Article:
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Lean Architecture for Agile Software Development by Gertrud Bjørnvig, James Coplien

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Chapter 8. Coding It Up: Basic Assembly

Your architecture is ready, and a new feature request has made it to the top of your work queue or your Sprint backlog. Or maybe a user is banging on your door or burning your ear on the phone begging for new functionality. It's time for the rubber to meet the road. If you're a coder, this is the fun stuff. Let's sling some code.

But wait—as we sling code, we don't want to bury our heads inside of our screens and ascend to nerd heaven. It's important to honor the original goals of object orientation and be ever attentive to the end users' world models. That's why we've taken you through the preceding chapters. The Agile nerds will tell you that the code is the design. The Agile businesspeople will tell you that the design should be outwardly focused. We'll show you that they both can be right.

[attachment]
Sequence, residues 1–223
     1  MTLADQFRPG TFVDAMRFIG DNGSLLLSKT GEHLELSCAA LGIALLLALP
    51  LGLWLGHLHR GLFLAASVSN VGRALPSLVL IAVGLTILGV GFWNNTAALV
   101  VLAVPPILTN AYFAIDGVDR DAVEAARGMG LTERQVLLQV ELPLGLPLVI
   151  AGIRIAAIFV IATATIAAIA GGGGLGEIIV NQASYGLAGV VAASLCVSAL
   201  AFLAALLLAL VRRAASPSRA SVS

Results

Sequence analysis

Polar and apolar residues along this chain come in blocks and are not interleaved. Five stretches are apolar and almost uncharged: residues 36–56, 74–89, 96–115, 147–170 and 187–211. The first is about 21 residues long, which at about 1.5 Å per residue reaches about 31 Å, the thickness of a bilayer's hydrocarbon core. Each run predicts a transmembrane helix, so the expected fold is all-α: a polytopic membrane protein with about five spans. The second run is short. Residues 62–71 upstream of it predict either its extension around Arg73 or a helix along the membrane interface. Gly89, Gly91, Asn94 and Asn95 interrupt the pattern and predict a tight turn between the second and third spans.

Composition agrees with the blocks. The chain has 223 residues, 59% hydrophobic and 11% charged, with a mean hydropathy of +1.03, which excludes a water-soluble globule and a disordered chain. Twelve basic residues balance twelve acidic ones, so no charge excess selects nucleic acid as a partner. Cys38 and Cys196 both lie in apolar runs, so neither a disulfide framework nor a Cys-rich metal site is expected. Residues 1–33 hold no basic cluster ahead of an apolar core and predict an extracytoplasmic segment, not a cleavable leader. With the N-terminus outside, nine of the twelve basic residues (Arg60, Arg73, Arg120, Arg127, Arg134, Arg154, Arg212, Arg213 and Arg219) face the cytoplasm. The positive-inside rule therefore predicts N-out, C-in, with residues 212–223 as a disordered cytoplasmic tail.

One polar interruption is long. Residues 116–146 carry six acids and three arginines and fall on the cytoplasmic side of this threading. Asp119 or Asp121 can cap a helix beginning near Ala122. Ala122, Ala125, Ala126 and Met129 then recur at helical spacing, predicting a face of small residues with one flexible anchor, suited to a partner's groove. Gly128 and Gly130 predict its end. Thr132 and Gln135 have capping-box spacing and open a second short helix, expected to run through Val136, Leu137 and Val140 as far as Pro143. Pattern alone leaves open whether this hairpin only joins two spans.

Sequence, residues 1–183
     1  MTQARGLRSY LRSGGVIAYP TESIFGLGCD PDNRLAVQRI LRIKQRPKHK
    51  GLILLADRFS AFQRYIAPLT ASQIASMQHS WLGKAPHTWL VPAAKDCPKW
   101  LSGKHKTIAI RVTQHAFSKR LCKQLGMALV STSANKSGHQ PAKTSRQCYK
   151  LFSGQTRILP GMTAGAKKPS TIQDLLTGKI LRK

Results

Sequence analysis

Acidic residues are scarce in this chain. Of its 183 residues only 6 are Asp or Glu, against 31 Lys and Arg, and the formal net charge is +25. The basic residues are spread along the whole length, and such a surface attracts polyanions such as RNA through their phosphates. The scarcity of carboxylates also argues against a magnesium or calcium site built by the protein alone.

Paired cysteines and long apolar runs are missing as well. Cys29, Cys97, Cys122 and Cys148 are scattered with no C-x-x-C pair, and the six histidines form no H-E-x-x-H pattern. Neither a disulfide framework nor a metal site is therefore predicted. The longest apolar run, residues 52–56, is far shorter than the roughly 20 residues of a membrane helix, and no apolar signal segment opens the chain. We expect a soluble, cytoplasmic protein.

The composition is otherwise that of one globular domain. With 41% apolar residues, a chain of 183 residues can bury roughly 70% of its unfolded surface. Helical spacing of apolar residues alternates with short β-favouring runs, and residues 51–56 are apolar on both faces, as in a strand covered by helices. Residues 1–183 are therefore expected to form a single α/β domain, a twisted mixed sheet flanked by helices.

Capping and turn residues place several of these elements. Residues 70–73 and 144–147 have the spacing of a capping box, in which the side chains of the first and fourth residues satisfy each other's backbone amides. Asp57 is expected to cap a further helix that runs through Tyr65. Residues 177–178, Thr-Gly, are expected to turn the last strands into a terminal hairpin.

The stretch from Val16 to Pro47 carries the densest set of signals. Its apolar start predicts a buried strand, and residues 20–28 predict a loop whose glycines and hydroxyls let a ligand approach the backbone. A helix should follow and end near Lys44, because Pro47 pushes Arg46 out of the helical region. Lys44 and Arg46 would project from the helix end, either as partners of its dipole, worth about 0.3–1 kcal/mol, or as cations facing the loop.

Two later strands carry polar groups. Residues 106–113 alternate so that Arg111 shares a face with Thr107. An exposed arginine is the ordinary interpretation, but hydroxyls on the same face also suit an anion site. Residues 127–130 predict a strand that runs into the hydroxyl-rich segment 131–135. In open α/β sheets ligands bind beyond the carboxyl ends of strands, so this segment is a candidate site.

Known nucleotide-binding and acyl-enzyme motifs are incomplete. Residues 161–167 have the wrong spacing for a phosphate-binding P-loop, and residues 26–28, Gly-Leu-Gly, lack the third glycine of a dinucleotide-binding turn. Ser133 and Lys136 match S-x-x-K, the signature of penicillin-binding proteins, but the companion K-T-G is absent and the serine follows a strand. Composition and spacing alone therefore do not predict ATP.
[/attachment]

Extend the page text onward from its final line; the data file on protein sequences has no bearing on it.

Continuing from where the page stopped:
Before we jump right into the code, we'll spend a little bit of time introducing MVC and a set of concepts that are broadly associated with it. Most Agile architectures arise from an MVC framework, so we will discuss MVC as a foundation for the details that ensue. We'll then describe two architectural approaches: one that supports short, snappy event-driven computation, and the other that supports goal-oriented task sequences that the user wants to complete. In this chapter, we will discuss classical object-oriented architecture, where we distribute use case responsibilities directly into domain classes. We'll leave the incorporation of full use case requirements ...

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